Todd Haynes's attention to period detail is never less than impeccable – in fact, the director has never made a feature set in current times. (Even his 1995 breakout Safe was set in the late '80s.) Clearly, reproducing the past is, for Haynes, a big part of the joy of filmmaking. Sometimes it meshes well, thematically and visually, with a stong story, as with Far from Heaven; sometimes it overwhelms a muddled story and bloats the film, as with Velvet Goldmine. With Wonderstruck it's a lovely match, even if art house audiences may ultimately find this a minor work.

That last line is a bit of a pun, as Wonderstruck is, in the best sense of the word, a kiddie movie. Written by Brian Selznick, based on his "juvenile fiction novel" (i.e. children's book), the story concerns two deaf children adrift in New York City: one in 1927, one in 1977, their scenes intercutting until a connection is inevitably made.

Appropriately, Haynes shoots the 1927 segments like a silent film, in black and white and with muted dialogue (but no title cards). The 1977 segments expertly recreate the crime-ridden cesspool of 1970s Manhattan. At my screening – and I assume this will be the case with all screenings – the dialogue, sound effects, and even music cues in the 1977 segments are close-captioned. It's an interesting addition, one that was announced at my screening as coming from the "overwhelming demand by the deaf community" but which I have to assume Haynes approved, and possibly even conceived. (Carter Burwell's lush score, one of his best, is a gift to the non-hearing-impaired.)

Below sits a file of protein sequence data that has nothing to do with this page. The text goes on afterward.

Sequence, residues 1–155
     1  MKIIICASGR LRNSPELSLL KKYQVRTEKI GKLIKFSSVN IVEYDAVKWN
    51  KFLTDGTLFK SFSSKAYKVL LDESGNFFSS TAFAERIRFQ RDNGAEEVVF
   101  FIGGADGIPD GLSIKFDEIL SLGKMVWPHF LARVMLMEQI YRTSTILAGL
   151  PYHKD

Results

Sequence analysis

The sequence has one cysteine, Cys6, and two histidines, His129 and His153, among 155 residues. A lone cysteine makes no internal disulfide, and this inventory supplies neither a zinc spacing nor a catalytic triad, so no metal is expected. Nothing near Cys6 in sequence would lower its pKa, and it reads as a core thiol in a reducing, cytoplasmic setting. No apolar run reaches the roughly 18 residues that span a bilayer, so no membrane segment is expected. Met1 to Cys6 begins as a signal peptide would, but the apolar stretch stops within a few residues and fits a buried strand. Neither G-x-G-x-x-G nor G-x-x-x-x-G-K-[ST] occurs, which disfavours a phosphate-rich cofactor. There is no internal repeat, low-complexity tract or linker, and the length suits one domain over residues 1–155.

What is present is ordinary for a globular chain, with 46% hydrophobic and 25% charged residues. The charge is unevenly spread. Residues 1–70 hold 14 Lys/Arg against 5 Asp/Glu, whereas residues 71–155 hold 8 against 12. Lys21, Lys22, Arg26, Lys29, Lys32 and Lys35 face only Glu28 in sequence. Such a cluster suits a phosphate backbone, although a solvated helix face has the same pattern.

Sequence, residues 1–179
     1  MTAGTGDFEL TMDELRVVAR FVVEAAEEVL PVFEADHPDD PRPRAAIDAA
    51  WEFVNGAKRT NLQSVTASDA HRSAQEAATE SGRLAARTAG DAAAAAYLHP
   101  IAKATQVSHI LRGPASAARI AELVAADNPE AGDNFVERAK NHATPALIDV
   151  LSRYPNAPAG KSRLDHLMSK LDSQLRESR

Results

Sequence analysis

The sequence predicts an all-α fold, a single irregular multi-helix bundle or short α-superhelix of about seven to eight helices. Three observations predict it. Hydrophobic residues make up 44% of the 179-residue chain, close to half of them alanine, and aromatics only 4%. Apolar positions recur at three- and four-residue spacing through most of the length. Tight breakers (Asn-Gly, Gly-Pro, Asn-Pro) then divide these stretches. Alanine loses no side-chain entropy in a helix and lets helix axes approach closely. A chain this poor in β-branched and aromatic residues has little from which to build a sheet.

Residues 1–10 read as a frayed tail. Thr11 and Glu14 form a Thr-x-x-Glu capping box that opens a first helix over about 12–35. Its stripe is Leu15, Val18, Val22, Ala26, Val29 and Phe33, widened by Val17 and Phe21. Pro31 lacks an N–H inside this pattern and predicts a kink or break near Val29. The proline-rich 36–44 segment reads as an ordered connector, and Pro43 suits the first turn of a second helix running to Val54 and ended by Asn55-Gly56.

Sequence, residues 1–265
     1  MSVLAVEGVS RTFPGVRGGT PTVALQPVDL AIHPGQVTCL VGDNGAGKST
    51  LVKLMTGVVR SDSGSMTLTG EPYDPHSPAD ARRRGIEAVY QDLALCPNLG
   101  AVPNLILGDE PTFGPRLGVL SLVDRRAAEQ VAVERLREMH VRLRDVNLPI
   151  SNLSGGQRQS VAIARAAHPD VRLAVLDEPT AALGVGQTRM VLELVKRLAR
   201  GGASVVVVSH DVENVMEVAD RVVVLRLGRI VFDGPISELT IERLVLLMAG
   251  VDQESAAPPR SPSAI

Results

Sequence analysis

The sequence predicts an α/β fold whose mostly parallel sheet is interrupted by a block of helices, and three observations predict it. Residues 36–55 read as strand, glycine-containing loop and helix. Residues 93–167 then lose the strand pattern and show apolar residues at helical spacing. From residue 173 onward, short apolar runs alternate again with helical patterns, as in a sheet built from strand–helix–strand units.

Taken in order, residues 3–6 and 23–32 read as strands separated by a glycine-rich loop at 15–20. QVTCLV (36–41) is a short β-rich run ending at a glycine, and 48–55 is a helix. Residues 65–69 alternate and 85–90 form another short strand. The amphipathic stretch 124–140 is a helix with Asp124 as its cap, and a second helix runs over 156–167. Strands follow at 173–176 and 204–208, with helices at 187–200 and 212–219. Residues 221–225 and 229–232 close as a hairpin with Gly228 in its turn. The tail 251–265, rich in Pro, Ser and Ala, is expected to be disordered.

Brian Selznick also wrote The Invention of Hugo Cabret, which Martin Scorsese adapted into Hugo. I was unaware of the stories' shared author when I saw Wonderstruck, but I nevertheless sensed strong similarities between the two films, both of which are very much about the magic of science bringing lonely, intelligent children together. It is safe to say that if you enjoyed Hugo, you will likewise enjoy Wonderstruck. I did, and so I did.

I can't end this review without acknowledging Millicent Simmonds, who plays the lead character in the 1927 segments. Deaf in real life, the young actress is effortlessly sympathetic – and frankly adorable. I wish Haynes had shot more scenes with her, as Oakes Fegley, as her 1977 counterpart, is no match for her charm, though he is good enough.